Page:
Mainstreaming or specialism? by Andy Gregg

In public services and the voluntary sector there is frequently a discussion about service delivery and whether this is accomplished best by generalist agencies and how much they can effectively meet the requirements of those with special needs.  The advantages and disadvantages of service provision from a generalist agency or a specialist agency can involve cost and reach on the one hand (generalist) but tailored and more appropriate services on the other (specialist). Obviouslythere is a need for generalists like GP's who may need to refer patients on to specialists where necessary and both of these approaches are part of the provision of complex services like those around health. Any complex area of public provision will necessitate an initial diagnosis followed by different degrees of specialist interventions. This is a kind of technological distinction and is commonly understood in the UK’s public services and private industry, and as a “triage and connect” model it is also becoming more established in terms of support for civil society organisations

However in the area of equalities and the provision of services to particular population groups based on their differentcultures, identities or “protected characteristics”  the dividing lines are not so easy to see. Of course specialist provision can have the perverse effect of making some mainstream services less rather than more responsive to the needs of all clients by letting them off the hook with regard to those with special interests or problems and thus allowing them to fail to adapt services to the widest range of needs. On the other hand mainstream services can sometimes be unresponsive or even ineptat providing services to those who have non-standard needs or different ethnic or cultural backgrounds or protected characteristics. The development of self-help groups with the slogan “nothing about us without us” has been a characteristic of the British civil society sector over the last 30 years. When is it more appropriate to signpost to these organisations or to mainstream services?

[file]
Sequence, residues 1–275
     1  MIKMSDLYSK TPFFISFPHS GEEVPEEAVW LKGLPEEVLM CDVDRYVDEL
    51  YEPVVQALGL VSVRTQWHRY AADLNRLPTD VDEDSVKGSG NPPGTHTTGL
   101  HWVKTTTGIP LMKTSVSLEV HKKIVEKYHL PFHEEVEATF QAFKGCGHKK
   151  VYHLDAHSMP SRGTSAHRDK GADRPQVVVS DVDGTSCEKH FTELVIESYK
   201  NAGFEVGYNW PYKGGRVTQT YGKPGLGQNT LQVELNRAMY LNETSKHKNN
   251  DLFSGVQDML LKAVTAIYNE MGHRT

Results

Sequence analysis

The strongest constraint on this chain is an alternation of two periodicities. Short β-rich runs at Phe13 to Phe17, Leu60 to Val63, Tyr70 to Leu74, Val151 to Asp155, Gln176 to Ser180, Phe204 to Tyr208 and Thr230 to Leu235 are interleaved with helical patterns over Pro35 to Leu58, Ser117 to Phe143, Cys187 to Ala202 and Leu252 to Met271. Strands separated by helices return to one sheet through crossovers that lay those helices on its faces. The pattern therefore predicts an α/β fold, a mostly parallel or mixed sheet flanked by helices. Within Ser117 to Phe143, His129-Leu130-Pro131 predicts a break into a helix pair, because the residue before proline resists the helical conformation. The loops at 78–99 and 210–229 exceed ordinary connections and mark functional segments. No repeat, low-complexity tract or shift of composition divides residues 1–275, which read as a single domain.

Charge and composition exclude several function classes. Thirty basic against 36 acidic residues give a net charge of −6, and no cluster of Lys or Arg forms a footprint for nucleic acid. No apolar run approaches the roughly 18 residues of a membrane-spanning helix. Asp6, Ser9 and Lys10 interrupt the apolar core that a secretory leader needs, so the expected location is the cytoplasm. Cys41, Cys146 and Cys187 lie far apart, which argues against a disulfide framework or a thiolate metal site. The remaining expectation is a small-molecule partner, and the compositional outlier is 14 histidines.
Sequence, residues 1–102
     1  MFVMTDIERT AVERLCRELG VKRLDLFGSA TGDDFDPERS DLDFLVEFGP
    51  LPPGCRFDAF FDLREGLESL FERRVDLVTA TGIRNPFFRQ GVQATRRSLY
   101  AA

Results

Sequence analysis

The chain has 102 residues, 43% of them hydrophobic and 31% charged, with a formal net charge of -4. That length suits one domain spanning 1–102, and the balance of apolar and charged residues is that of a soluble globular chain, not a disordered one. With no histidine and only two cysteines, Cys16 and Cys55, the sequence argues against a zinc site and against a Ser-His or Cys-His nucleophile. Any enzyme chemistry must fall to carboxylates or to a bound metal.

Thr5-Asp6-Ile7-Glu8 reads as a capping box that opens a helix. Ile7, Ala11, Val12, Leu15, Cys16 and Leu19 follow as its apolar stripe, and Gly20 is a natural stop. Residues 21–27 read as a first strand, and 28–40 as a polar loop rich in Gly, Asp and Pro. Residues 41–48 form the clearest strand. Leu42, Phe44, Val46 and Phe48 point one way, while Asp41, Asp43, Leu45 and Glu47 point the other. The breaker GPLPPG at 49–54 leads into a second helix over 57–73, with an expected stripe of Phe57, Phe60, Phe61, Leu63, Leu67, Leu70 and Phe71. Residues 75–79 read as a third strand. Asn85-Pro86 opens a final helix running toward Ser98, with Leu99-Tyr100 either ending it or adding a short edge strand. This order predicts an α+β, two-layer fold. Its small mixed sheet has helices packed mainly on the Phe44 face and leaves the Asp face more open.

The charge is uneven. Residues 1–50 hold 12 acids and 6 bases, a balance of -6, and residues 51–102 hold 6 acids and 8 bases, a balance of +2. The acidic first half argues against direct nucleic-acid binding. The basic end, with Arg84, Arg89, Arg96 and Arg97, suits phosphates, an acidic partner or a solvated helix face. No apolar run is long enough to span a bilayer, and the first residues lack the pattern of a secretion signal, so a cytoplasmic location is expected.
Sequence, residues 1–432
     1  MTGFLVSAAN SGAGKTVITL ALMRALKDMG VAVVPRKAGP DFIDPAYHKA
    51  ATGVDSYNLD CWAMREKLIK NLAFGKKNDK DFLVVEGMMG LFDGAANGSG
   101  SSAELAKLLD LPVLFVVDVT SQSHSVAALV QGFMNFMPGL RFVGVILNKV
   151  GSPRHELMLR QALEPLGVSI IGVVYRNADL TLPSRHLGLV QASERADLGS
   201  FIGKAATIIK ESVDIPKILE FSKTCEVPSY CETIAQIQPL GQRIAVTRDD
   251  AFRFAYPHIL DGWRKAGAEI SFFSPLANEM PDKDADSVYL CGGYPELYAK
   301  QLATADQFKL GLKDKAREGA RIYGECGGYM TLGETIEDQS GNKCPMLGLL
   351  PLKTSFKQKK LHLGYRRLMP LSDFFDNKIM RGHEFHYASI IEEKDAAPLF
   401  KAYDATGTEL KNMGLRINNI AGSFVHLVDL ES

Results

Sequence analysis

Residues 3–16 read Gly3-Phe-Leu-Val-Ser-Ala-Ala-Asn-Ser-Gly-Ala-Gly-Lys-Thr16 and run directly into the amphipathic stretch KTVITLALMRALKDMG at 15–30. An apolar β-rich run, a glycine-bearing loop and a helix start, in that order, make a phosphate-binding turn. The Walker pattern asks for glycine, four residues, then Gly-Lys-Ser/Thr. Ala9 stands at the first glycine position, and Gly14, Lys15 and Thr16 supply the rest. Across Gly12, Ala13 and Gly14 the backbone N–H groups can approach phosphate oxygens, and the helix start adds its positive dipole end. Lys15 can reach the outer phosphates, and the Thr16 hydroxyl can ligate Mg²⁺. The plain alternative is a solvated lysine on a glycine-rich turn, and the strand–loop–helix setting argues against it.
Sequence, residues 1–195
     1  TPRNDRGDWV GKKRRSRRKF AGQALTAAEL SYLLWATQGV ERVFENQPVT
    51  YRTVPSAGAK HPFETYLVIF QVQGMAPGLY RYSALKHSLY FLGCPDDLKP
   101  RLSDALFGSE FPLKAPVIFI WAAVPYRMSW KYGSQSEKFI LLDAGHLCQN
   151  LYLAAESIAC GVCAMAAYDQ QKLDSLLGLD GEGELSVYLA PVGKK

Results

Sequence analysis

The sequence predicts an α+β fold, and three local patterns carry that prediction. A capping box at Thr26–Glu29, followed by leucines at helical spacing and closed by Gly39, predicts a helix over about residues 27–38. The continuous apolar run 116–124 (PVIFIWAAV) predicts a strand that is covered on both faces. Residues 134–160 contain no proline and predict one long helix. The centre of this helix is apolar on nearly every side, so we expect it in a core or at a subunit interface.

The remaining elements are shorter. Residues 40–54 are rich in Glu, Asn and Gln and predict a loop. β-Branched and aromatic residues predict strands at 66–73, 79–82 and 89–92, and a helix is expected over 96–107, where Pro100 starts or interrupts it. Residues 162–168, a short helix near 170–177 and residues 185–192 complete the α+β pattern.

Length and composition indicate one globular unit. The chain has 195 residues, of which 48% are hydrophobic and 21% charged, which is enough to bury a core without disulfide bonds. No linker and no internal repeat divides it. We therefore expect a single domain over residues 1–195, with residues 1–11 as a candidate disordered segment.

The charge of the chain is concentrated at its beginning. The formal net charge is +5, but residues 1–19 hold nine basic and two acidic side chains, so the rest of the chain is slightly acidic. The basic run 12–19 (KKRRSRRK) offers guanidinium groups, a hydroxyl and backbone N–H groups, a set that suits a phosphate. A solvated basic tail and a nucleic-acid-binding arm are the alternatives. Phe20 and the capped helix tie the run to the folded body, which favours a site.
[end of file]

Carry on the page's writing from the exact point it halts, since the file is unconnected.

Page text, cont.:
A few of us had a brief look at this conundrum at a recent Better Way meeting in North London.

Specialist services come into their own when there has been a history of direct or indirect exclusion  and discrimination or where there are specific cultural or historical reasons where sensitivity may be needed. Taking the example of race,  particular communities are in need of and much more likely to accept help from specialist agencies that understand the nuances  and effects of the exclusion and discrimination they face as well as the cultural, historical and linguistic aspects of their situation. But generalist or mainstream agencies must never be let off the hook and need to be constantly pressured by those specialist agencies to improve their service provision for all their clients (including those they have previously excluded).

It was clear that what is needed is a “Both ……. and” approach  rather thanan “Either …… or” one. Yes, equalities work must become mainstreamedbut this is very unlikely to happen without constant pressure from specialist  equality-focussed agencies. In addition to the role of generalist and specialist agencies it was also felt that there was also a vital role for intermediary organisations that could build the capacity of specialist agencies and network them up with mainstream services and generalist agencies. One problem with some specialist community organisations is that they themselves are not always alive to the needs and views of all their community. 

What is needed is specialist agencies that are capable of working with the whole person and committed to the whole of their community and that understand intersectional approaches – individuals are never just reducible to oneidentity or one set of protected characteristics.

There is also a need for generalist or mainstream agencies who can pull in both extra skills and resources, but  also who recognise the need for communities to self-organise from time to time if exclusion and discrimination is to be properly challenged.

Andy Gregg, July 2017

Andy Gregg is  CEO of ROTA (Race on the Agenda) and has had a long commitment to anti-racism as well as promoting equality in all other areas. He is the Chair of the Metropolitan Migration Foundation as well as a trustee of London Voluntary Service Council and Refugee Action.